This set of two CDs comes in a slipcase together with a ‘twofer’ box and a booklet including full texts and translations into German and English. All – even the discs themselves – are adorned with what must be one of the worst and most amateurish title designs I have ever encountered. It manages to combine various assorted typefaces — admixing both serif and sans serif fonts in the course of the same word — and consisting of nothing but the text. Someone, sensibly hiding anonymously behind a computer website, is supposed to have been responsible for designing this. It is unfortunate, because the remainder of the booklet is well presented and the performance itself is very good indeed.
Although the issue is described as taken from live sessions, there is no evident sign of any audience — not even applause at the end. The fact that the recording dates are spread over a period of a week suggests that there may have been plentiful patches from a number of performances and rehearsals. The recorded balance is initially not ideal, the solo voices rather too close to the microphones and the chorus somewhat recessed into the background. Nonetheless the choral opening of the Dies irae has plenty of impact and the distant trumpets in the Tuba mirum have the right sense of ominous mystery. Mariss Jansons manages to combine the ferocious attack of a Toscanini or Solti in such passages with the more spiritual aspects of a Giulini elsewhere. You can hear this in the beautifully inflected Recordare (CD1, track 7) which may be slower than Verdi’s Lo stesso tempo but is gorgeously expressive. Indeed from the beginning of the sequence onward, this performance really catches fire and grabs the listener’s attention in exactly the right way. The orchestral playing is superb throughout, with an especially plangent oboe in the Ingemisco, although the solo violin in the Offertory could advantageously have been further forward in the balance (CD2, track 1, 2.36).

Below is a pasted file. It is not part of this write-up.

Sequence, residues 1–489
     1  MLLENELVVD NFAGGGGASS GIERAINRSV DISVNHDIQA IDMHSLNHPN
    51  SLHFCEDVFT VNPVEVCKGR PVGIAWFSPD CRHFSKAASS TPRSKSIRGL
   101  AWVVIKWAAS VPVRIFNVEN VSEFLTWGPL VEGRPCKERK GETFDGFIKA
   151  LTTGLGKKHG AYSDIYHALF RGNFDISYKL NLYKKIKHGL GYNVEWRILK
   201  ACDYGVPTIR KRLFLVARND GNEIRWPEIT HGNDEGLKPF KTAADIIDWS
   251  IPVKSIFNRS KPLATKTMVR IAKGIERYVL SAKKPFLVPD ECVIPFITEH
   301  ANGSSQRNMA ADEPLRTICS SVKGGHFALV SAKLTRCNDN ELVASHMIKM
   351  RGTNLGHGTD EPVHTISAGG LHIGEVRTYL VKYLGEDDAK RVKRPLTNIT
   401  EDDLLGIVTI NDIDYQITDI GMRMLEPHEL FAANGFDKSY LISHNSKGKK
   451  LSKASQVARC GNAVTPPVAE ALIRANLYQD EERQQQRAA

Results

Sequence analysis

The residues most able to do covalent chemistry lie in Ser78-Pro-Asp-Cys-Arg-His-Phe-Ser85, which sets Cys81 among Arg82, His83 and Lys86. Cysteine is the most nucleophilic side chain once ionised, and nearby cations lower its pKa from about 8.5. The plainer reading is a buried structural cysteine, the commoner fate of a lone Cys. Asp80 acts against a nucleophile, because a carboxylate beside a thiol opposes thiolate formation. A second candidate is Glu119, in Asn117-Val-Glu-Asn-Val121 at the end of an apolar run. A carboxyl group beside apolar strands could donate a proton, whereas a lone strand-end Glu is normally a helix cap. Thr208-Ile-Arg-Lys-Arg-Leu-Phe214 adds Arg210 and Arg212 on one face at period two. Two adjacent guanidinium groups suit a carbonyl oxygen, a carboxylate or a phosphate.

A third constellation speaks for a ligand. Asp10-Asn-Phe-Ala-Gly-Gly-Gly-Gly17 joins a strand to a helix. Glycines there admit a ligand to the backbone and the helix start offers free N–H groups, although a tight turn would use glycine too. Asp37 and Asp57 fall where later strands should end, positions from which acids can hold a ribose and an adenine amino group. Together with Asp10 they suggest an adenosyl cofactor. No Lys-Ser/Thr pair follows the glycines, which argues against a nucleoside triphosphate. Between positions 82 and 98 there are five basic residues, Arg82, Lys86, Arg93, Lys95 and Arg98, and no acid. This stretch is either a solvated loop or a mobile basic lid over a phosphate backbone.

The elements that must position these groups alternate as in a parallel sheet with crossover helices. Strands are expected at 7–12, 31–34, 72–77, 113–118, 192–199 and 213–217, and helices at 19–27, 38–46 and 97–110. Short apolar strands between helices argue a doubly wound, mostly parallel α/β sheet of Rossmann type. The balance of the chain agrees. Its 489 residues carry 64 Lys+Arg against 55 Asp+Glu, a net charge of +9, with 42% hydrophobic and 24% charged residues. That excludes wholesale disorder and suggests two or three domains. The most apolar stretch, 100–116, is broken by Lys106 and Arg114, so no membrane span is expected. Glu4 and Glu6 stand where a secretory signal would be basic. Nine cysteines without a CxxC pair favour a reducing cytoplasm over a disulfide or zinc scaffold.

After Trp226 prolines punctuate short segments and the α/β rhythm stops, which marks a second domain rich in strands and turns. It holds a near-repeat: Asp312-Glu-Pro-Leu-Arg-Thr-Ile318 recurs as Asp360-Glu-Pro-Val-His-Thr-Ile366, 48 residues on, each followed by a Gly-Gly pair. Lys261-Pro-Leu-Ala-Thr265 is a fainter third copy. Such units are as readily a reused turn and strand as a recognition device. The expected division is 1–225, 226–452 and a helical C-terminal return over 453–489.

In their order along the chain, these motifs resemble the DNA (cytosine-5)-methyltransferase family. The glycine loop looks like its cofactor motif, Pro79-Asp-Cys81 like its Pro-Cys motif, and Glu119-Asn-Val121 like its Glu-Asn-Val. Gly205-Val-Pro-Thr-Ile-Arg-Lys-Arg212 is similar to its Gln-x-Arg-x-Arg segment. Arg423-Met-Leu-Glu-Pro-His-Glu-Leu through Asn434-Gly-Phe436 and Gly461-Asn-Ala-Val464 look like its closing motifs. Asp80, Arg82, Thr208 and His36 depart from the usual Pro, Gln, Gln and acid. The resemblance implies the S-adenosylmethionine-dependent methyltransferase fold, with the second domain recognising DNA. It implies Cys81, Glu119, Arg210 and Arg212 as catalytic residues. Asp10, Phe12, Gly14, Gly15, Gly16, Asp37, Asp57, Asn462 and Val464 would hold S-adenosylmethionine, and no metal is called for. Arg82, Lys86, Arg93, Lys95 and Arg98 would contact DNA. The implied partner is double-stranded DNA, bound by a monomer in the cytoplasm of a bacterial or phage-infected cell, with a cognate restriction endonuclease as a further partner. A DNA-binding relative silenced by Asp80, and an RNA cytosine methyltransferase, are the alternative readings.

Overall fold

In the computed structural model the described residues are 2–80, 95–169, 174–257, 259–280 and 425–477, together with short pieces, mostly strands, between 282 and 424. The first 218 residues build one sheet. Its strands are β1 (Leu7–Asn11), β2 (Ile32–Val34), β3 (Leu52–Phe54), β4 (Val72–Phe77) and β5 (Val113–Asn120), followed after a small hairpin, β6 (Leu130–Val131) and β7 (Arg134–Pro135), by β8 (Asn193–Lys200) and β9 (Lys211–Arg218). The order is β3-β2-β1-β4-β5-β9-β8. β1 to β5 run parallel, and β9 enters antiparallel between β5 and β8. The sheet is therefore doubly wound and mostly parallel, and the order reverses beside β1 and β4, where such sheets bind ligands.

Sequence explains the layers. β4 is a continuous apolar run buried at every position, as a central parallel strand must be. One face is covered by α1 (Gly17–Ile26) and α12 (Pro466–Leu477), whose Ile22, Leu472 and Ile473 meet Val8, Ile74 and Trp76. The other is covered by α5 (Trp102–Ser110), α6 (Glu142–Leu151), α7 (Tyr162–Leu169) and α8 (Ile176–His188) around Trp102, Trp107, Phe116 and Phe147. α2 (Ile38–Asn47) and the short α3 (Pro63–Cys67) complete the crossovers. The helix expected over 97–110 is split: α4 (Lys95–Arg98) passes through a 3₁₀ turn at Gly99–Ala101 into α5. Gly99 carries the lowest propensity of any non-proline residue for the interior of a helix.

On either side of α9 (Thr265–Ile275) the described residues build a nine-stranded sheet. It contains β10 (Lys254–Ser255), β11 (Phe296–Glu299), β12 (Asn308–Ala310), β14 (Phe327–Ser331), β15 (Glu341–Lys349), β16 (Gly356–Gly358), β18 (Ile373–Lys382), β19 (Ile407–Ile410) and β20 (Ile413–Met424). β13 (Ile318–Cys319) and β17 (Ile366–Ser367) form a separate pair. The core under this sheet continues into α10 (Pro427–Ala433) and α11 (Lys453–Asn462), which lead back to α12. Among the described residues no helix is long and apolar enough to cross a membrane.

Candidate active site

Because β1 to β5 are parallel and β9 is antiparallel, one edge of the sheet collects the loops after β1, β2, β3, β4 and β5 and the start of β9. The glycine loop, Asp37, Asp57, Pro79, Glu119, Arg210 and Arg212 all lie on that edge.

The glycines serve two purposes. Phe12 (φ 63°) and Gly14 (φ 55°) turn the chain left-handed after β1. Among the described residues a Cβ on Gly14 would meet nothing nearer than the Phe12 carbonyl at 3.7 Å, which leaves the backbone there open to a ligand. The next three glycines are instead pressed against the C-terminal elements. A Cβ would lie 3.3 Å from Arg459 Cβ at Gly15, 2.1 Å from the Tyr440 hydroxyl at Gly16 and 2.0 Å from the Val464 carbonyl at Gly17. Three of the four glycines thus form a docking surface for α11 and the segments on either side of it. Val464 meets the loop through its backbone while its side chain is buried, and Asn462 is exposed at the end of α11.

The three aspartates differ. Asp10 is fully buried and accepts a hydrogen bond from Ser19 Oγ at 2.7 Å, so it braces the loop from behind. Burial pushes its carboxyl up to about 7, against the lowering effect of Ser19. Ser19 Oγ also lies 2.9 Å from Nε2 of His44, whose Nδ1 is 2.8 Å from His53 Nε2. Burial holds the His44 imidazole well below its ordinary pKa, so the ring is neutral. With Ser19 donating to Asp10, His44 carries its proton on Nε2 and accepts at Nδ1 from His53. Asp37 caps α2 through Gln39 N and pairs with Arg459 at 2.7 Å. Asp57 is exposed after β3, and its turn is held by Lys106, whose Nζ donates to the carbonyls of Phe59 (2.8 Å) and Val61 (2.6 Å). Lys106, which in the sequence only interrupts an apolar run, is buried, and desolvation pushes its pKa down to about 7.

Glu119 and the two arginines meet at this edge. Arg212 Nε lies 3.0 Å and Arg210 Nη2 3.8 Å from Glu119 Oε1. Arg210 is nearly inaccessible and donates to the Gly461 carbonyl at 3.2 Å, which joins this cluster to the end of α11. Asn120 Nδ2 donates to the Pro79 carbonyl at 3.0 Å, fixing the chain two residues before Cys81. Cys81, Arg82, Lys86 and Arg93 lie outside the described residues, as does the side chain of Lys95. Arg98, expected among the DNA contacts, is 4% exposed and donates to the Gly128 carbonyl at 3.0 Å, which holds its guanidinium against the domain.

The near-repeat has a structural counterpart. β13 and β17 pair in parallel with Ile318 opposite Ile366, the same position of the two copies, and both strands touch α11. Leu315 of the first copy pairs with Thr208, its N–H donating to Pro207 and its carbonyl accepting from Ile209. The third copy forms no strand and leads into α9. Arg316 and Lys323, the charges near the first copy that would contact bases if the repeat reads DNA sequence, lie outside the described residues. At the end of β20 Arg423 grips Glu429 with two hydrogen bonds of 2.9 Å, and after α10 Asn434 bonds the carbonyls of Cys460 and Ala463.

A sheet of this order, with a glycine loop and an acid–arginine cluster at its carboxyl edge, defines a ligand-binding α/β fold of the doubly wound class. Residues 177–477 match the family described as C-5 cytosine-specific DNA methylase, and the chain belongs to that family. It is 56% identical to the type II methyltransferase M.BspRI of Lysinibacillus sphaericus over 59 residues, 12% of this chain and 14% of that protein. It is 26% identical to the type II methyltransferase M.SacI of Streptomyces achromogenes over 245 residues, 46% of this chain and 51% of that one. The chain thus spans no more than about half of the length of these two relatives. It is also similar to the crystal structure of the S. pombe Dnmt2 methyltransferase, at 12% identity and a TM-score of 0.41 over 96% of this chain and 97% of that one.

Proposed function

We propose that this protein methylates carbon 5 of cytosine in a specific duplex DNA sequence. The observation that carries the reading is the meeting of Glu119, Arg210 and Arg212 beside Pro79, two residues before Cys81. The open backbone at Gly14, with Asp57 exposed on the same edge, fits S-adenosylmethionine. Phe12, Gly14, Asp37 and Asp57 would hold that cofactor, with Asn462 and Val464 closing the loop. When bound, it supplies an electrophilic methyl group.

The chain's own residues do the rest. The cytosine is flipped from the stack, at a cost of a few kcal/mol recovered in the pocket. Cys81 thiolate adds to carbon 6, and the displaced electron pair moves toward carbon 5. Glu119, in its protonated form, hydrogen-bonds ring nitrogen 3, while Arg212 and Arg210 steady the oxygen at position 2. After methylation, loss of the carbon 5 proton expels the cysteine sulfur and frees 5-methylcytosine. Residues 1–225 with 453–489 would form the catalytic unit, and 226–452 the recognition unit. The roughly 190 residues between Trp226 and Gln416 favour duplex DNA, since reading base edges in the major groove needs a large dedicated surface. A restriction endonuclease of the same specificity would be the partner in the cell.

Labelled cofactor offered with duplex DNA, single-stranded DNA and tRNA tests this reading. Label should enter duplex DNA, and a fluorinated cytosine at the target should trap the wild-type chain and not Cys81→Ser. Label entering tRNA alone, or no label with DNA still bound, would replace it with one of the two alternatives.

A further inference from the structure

Krassimira Stoyanova is superb throughout, able to spin out a quiet high B flat as well as a tub-thumping top C in the Libera me (CD2, track 6). She creates a properly terrified impression in her senza misura declamation at the opening of this movement although her parlando delivery of the words “tremens factus” (1.57) pushes her away from the notated pitches – a not inappropriate touch of drama. Marina Prudenskaya is a full-voiced mezzo-soprano who makes a conscientious attempt to realise Verdi’s dynamic shadings – even those next to impossible to realise, such as ppp followed by sempre pił p (CD1, track 4, 3.34). She and Stoyanova combine thrillingly in their perfectly tuned unaccompanied octaves at the beginning of the Agnus Dei (CD2, track 4).
After a most unfortunate initial entry where he blazes away just on the flat side of the note (CD1, track 1, 5.38), Saimir Pirgu is a good tenor and shows a commendable willingness to sing quietly in later concerted passages and a truly inward Ingemisco (CD1, track 8). He produces a really beautiful head voice in the Hostias (CD2, track 2). Orlin Anastassov makes a good dramatic effect in the Mors stupebit even if his attempts at Verdi’s notated pianissimo are closer to mezzo-forte; he is better in Confutatis maledictis (CD1, track 9) although not really producing the specified dolce cantabile. He even manages a creditable trill in the Hostias (CD2, track 2, 1.33), as do Pirgu and Stoyanova a couple of minutes later.
In the end this is a really excellent performance of the Verdi Requiem which is way up there with the best on disc in spite of its somewhat depressing presentation. I would, for example, place it higher than Riccardo Muti’s live La Scala recording with its boxy sound and rushed tempi — I disposed of my copy of that disappointing set many years ago. There are no additional tracks – Giulini and Solti both add the Four sacred pieces – which makes for rather short measure. Despite my expressed reservations about the recorded balance, these are not a serious consideration after the opening movement. Indeed, for anyone looking for a good modern recording of the Requiem this could well be their first choice — a superb and emotionally engaging performance.
Paul Corfield Godfrey